On a personal note, I would like to say that my term as Deputy Permanent Representative is coming to an end. As this will likely be my last statement to the Council — barring another initiative before the end of the year — I would like to express, on my own behalf as well as on behalf of Ambassador Yehuda Lancry, who could not be here today because of the tragic loss of his son, our sincere appreciation for the cooperation of the members of the Council. While we have had our disagreements, the professionalism and cordiality that has characterized our interactions give me cause to hope that we can still find a peaceful way forward in the Middle East.

The President (spoke in Spanish): I thank the representative of Israel for his kind words addressed to the members of the Council.

I would like to inform Council members that, because of some confusion in the paperwork, I did not give the floor to the Syrian Arab Republic earlier. I would like to do so now.

Mr. Wehbe (Syrian Arab Republic) (spoke in Arabic): When the Syrian Arab Republic introduced, on behalf of the Group of Arab States, the draft resolution now contained in document S/2002/1385, we understood that it dealt with issues that enjoyed unanimous support — issues of concern to the international community and the various bodies of the United Nations, including the Security Council. The objective of the draft resolution was to put an end to the killing by the occupying Power, Israel, of United Nations personnel, which escalated sharply last month. From another angle, it aimed at compelling Israel to stop attacking United Nations buildings or warehouses, including that belonging to the World Food Programme, which has a warehouse in the occupied Palestinian land. The purpose of that warehouse is to feed the Palestinian people — a people who are in dire need of food. Even that warehouse was attacked in order to deprive the Palestinian people of food.

The international community is in agreement that the killing of international personnel and the destruction of United Nations facilities is a red line that no party is allowed to cross. We do not believe that Israel should be allowed to be an exception to that rule. We do not believe that it is permissible in any way to give Israel the right to kill United Nations personnel without accountability or sanction. So far it has killed more than 14 international staff members.

The Fourth Geneva Convention sets out the obligations of occupying Powers. We all are parties to that Convention, which must be respected and implemented by all, without double standard.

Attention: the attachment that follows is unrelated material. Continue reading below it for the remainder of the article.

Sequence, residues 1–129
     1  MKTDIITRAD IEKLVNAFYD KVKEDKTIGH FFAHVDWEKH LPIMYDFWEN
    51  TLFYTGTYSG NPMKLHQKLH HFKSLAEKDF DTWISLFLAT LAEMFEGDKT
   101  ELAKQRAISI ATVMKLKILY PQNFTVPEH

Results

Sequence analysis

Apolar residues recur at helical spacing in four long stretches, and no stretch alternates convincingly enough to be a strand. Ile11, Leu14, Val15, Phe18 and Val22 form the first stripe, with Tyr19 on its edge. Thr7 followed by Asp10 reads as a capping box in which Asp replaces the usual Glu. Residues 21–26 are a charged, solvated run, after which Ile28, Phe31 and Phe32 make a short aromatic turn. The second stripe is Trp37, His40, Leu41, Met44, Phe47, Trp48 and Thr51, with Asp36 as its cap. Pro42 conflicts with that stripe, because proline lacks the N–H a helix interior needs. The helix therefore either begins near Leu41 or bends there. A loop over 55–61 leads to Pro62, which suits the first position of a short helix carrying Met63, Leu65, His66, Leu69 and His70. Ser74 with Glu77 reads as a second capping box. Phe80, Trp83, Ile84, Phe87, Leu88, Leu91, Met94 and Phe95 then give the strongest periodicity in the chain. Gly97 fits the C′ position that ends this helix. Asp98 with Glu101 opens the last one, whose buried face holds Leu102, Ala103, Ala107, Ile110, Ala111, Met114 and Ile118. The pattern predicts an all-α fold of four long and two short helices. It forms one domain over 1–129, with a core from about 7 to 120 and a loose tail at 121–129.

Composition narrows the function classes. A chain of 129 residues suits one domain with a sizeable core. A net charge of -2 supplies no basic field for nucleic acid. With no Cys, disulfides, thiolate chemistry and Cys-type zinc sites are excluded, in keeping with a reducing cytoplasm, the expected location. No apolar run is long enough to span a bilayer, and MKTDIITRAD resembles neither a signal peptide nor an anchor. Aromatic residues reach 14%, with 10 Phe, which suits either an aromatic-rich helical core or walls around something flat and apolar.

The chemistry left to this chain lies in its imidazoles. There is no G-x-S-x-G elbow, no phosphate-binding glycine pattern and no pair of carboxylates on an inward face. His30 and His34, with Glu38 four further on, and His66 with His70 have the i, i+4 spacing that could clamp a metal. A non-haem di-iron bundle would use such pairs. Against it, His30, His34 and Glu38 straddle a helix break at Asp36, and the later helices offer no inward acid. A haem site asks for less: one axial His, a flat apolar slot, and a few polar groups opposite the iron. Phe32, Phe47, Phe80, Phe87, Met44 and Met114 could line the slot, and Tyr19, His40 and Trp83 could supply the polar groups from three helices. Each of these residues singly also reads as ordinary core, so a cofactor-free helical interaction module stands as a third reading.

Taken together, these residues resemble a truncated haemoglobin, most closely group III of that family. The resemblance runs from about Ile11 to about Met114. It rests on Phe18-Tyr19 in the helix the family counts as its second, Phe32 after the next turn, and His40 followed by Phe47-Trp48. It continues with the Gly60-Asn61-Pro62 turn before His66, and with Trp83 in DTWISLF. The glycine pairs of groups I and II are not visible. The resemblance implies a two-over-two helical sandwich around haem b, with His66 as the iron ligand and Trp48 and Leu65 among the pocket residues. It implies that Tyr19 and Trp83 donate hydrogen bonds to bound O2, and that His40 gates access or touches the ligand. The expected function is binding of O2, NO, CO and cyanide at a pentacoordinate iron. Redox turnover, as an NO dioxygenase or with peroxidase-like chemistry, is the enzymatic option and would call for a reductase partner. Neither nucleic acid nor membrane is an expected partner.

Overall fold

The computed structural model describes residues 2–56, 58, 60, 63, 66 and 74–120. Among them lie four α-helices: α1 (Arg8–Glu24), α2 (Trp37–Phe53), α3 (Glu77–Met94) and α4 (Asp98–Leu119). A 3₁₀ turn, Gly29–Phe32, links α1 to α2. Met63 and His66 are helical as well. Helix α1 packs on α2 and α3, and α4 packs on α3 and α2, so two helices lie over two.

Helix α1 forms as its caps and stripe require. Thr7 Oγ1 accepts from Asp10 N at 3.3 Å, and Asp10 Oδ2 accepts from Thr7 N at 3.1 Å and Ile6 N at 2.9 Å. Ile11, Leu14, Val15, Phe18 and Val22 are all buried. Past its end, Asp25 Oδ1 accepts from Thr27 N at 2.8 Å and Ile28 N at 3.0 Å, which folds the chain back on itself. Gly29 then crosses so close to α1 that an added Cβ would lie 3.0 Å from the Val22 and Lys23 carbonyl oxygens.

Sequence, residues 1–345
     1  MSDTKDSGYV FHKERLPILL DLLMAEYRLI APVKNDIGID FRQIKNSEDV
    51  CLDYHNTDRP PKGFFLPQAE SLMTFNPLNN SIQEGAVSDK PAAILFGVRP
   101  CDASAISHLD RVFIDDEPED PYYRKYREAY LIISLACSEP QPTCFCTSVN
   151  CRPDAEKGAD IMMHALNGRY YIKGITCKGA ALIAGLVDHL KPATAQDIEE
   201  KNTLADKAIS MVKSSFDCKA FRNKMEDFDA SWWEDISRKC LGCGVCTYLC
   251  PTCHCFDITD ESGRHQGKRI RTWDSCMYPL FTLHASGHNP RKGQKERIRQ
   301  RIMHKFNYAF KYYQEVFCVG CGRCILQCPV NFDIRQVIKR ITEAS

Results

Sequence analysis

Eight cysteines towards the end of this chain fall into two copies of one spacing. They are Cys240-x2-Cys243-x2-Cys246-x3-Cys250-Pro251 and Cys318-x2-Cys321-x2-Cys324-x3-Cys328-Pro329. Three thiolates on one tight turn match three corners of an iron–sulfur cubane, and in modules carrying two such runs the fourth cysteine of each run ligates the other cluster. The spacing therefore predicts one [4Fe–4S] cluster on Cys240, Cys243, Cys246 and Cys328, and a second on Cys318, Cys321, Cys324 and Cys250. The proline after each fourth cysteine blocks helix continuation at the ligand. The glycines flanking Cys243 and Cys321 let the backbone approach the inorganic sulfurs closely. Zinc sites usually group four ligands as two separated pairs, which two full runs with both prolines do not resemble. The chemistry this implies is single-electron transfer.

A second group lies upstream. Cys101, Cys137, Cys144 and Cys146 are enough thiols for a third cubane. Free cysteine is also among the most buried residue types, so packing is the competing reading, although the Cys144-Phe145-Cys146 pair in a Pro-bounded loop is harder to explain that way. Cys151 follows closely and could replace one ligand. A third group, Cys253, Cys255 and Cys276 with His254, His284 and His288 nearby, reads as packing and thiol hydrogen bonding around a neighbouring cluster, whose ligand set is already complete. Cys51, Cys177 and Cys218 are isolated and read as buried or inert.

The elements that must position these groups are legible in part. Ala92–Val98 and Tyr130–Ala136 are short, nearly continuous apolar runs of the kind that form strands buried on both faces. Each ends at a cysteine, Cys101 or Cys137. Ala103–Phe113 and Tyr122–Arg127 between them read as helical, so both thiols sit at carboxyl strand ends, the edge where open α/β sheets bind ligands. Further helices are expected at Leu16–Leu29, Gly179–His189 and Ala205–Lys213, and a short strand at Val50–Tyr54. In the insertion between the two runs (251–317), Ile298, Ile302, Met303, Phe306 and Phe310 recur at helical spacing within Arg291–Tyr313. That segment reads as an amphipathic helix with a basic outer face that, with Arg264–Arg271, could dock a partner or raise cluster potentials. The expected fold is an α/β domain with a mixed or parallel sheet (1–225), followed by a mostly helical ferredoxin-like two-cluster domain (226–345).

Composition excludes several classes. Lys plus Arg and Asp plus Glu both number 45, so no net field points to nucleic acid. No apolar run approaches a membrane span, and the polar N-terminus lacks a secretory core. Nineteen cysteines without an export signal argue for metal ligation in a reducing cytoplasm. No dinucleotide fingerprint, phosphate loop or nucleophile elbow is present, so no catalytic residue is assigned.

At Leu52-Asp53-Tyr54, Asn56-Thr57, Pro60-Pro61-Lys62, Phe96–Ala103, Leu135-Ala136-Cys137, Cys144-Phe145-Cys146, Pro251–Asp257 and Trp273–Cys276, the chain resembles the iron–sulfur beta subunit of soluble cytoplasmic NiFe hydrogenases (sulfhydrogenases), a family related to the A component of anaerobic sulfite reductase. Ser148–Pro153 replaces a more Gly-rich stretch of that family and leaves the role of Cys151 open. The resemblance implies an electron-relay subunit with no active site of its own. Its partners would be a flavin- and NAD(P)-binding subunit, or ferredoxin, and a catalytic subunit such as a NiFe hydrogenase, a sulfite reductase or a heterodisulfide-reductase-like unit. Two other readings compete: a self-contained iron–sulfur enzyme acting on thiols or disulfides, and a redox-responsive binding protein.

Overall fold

If the Security Council — the United Nations body with primary responsibility for the maintenance of international peace and security — is unable to put an end to such Israeli practices because of the protection given Israel by one permanent member, that will open the door wide to further flouting of international humanitarian law, including the Fourth Geneva Convention.

Syria, along with the other members of the Security Council, undertook the necessary consultations this past week. We took all proposed amendments, which were put forward by the majority of members of the Security Council, back to the Group of Arab States, in order to ensure the adoption of the draft.

However, most regrettably, we were unable to include the amendments proposed by one delegation, because they fell outside the framework of the draft resolution and were inconsistent with the desired objective, and because they attempted to equate the butcher and the victim. This is very strange. Indeed, the delegation concerned voted against the draft resolution today, thus depriving the majority of members of the Security Council — 12 members — of their desired goal: to maintain the unanimity of the Council. Regrettably that was denied them. The delegation that voted against the draft resolution also prevented the international community from sending its message to Israel, the occupying Power.

We must place on record the fact that this draft resolution and the condemnation therein of the occupying Power, Israel, in its criminal acts, is unrelated to ongoing international efforts to achieve a just and comprehensive peace.

Although the Security Council was unable to adopt the draft resolution because of the negative vote of a permanent member, Syria will persevere in supporting the Security Council in its tireless efforts to maintain international peace and security, ensure respect for international law, and prevent the killing of United Nations personnel engaged in humanitarian missions anywhere in the world. These principles lie at the heart of our foreign policy.

The President (spoke in Spanish): The Security Council has thus concluded the present stage of its consideration of the item on its agenda.

The meeting rose at 8.30 p.m.

This record contains the text of speeches delivered in English and of the interpretation of speeches delivered in the other languages. The final text will be printed in the Official Records of the Security Council. Corrections should be submitted to the original languages only. They should be incorporated in a copy of the record and sent under the signature of a member of the delegation concerned to the Chief of the Verbatim Reporting Service, room C-154A.